How to implement GDPR in 10 easy steps

How to implement gdpr in 10 steps

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Are you looking for a clear path to achieve GDPR compliance? Here's a guide to implement GDPR in 10 easy steps. With the right approach, you can ensure that your business complies with the requirements of the European data protection law, while also protecting personal data and building trust with your customers. Follow along as we break down how to navigate through this complex legislation with ease.

You may like: Get easily guided through the GDPR process 

What is GDPR compliance in Europe?

The GDPR (General Data Protection Regulation) is a crucial framework for data protection that applies to all member states of the EU. Since its introduction in May 2018, businesses have had to adjust their behavior and change their approach to handle personal data compared to before.

Everything you need to know about GDPR

GDPR is not just a matter for the company; it's a shared journey that requires deep understanding and dedication from all staff. It's not only about complying with the regulations; it's about adopting a cultural change and a new mindset where data protection is essential. GDPR seeks to unify and reinforce data protection laws in the EU while increasing people's rights to their personal data. It also places heavy responsibilities on organisations that process such data.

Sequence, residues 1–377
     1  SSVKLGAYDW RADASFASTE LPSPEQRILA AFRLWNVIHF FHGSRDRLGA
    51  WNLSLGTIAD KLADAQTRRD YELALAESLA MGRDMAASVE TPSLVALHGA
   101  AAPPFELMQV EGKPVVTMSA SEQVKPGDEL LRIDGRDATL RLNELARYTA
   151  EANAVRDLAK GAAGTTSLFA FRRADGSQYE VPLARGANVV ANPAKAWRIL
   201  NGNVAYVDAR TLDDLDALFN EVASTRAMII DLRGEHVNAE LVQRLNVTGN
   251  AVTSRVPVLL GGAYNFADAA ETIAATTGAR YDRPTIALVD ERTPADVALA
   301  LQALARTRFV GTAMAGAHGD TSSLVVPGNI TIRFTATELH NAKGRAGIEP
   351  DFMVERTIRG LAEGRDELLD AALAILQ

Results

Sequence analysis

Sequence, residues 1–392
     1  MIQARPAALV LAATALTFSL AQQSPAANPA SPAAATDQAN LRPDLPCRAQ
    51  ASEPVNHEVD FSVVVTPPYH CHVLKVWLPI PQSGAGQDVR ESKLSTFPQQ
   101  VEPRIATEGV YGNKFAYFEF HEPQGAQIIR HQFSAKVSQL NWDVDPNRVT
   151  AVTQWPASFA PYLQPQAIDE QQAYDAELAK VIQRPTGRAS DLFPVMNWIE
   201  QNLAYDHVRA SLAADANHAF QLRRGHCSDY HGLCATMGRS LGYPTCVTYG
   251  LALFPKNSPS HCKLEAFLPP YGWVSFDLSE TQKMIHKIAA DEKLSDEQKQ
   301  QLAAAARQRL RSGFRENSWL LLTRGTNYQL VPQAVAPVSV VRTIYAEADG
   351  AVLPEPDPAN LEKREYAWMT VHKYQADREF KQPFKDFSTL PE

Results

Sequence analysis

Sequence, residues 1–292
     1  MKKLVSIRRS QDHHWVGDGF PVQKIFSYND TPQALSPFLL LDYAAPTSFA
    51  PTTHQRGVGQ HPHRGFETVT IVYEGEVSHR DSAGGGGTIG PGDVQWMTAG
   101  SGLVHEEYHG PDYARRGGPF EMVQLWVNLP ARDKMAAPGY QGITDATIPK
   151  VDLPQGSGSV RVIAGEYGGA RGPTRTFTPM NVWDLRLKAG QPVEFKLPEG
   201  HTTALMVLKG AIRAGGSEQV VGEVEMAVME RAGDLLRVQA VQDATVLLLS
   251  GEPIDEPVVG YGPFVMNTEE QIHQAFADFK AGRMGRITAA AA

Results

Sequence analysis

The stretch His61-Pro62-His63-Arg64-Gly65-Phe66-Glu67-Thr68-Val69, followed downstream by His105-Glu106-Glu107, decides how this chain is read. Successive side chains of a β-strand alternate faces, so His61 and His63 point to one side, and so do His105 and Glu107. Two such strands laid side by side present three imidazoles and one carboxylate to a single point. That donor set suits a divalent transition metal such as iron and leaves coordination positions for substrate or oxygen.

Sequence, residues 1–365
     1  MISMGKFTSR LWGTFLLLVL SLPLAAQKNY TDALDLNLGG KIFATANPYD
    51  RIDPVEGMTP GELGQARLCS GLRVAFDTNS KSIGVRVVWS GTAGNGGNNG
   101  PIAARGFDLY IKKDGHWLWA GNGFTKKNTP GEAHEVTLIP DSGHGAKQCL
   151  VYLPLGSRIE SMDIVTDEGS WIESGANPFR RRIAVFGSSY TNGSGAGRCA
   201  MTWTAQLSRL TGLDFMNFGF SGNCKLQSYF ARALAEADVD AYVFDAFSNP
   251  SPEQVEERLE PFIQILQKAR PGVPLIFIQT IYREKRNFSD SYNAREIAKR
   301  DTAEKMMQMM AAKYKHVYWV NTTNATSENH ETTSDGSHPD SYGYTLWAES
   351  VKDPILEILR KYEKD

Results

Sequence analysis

To protect the rights of data subjects and achieve compliance, organisations must implement measures to ensure lawful, fair, and transparent processing of personal data.

See: What Are The 6 Principles of GDPR? + The 7th principle

Historically, non-compliance with GDPR has resulted in significant fines, which can amount to millions of euros or up to 4% of a company's global annual revenue, depending on the higher amount. Therefore, there is good reason to ensure compliance!

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What does it mean to be GDPR compliant?

To achieve compliance, both the company and its employees need to contribute - but what does it actually mean to be GDPR compliant? This is what we will delve deeper into now.

GDPR compliance encompasses everything from awareness and understanding among employees regarding the protection of personal data to the implementation of specific procedures and technical security measures within the company. It starts with fostering a culture where all employees are aware of and understand the importance of data protection and their role in ensuring GDPR compliance.

See: What Is GDPR Compliance And Does It Apply to You? 

First and foremost, the company must conduct a thorough analysis of its data processing activities to identify the types of personal data it handles. This process also involves understanding why and how this data is used and shared internally and externally. Based on this analysis, policies and procedures can be developed and implemented to ensure that all data processing complies with the requirements of the GDPR.

Additionally, the company must ensure that it has appropriate technical and organisational security measures in place to protect personal data from unauthorised access, loss, or misuse. This may include implementing firewall and antivirus software, regular security monitoring, data encryption, and restricting data access so that only authorised individuals can access it.